Nearly 1,000 Facebook, Instagram accounts deactivated over COVID-19 misinformation
Meta deleted nearly 1,000 Instagram and Facebook accounts, groups in several countries last month, most of which were found to belong to a sprawling network from China trying to spread COVID-19 misinformation.
The deactivated accounts, originating in Palestine, Poland, Belarus and China, violated Meta’s Coordinated Inauthentic Behavior (CIB) policy, which is when users manipulate public debate for a strategic goal where fake accounts are central to the operation.
"When we find campaigns that include groups of accounts and Pages seeking to mislead people about who they are and what they are doing while relying on fake accounts, we remove both inauthentic and authentic accounts, Pages and Groups directly involved in this activity," Meta said.
In total, Meta deleted 979 accounts, groups and pages across its platforms, including accounts in:
- China: 524 Facebook accounts, 20 Pages, four groups and 86 Instagram accounts.
- Palestine: 141 Facebook accounts, 79 Pages, 13 groups and 21 Instagram accounts.
- Poland: 31 Facebook accounts, four groups, two Facebook events and four Instagram accounts.
- Belarus: 41 Facebook accounts, five groups, and four Instagram accounts.
A man looks at a computer screen with a Facebook logo in Warsaw, Poland on Feb. 21, 2021. (Photo illustration by Jaap Arriens/NurPhoto via Getty Images)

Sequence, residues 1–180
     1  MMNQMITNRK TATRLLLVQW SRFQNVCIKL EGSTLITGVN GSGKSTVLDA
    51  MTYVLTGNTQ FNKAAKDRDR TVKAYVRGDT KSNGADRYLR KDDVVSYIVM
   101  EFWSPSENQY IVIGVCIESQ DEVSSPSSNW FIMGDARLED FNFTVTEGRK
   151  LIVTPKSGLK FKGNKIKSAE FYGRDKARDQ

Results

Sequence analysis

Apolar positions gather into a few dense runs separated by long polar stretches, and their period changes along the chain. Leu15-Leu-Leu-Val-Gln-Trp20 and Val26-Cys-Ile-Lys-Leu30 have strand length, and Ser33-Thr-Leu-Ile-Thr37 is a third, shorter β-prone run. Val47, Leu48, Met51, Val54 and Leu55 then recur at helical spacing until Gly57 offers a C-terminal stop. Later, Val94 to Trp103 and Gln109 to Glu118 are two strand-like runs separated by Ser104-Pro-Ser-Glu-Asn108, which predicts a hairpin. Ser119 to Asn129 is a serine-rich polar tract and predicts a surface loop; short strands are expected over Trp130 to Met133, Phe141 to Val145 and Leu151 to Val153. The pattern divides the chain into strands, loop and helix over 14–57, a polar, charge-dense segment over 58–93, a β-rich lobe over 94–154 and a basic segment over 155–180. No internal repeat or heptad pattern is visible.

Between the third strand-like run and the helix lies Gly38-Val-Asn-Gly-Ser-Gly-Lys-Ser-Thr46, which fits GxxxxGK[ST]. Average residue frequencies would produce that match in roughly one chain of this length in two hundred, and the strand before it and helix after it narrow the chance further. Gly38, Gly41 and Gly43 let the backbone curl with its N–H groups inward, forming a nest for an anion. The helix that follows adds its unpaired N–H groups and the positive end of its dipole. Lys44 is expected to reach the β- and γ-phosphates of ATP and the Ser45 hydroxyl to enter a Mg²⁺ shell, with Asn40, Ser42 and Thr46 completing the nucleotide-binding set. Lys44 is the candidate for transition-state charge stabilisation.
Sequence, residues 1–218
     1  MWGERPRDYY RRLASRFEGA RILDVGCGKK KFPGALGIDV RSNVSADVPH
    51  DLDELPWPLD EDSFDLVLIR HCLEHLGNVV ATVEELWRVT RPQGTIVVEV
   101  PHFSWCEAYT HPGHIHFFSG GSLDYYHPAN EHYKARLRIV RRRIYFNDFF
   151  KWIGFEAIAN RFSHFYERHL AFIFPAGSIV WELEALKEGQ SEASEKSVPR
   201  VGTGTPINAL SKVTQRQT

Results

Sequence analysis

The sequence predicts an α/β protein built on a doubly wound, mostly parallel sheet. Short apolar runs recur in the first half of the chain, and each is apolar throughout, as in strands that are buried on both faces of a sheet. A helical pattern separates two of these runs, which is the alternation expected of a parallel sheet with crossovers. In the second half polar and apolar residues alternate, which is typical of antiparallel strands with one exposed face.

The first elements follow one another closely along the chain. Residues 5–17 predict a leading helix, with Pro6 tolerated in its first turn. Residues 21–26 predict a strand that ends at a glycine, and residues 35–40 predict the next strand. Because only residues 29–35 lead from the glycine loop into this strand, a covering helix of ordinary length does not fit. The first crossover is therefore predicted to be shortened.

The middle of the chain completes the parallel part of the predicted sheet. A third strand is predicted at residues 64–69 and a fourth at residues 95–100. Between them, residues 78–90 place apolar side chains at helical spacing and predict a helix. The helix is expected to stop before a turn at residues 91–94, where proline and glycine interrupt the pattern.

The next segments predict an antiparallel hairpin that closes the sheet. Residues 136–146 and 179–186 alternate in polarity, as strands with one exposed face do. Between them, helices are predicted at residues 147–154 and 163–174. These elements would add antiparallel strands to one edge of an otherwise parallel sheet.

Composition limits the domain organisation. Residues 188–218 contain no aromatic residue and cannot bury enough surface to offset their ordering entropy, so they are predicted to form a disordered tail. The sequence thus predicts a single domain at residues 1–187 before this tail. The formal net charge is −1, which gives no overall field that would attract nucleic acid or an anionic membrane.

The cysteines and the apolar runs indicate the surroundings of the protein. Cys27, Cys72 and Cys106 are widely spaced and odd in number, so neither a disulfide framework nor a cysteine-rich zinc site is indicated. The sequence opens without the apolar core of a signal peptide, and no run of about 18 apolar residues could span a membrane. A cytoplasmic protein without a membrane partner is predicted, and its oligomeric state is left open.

Meta said the Chinese network’s activity specifically targeted Anglophone audiences in the United States and United Kingdom with COVID-19 misinformation. Their operation also went after Chinese-speaking audiences in Taiwan, Hong Kong and Tibet.
It dates back to July when someone posing as a Swiss biologist named Wilson Edwards claimed the U.S. was putting pressure on scientists from the World Health Organization to blame China for the novel coronavirus. Multiple Chinese-run outlets ran stories about the claims.
In August, the Swiss Embassy denied having any citizen by that name. Meta removed the Facebook account the same day.
"In essence, this campaign was a hall of mirrors, endlessly reflecting a single fake persona," Meta said. "Our investigation uncovered that almost the entire initial spread of the "Wilson Edwards" story on our platform was inauthentic — the work of a multi-pronged, largely unsuccessful influence operation that originated in China."
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The Palestinian network originated in the Gaza Strip and focused on domestic targets as well as people in Egypt and Israel. Meta said its investigation linked the activity to Hamas.
"The individuals behind this activity posted news stories, cartoons and memes primarily in Arabic about current events in the region, including the postponed Palestinian election, criticism of Israeli defense policy, Fatah and Mahmoud Abbas, and supportive commentary about Hamas," Meta explained.
Meta said the Polish network targeted Belarus and Iraq. And the Belarusian network sought audiences in the Middle East and Europe.
"We monitor for efforts to re-establish a presence on Facebook by networks we previously removed," Meta said. "Using both automated and manual detection, we continuously remove accounts and Pages connected to networks we took down in the past."
This story was reported from Atlanta.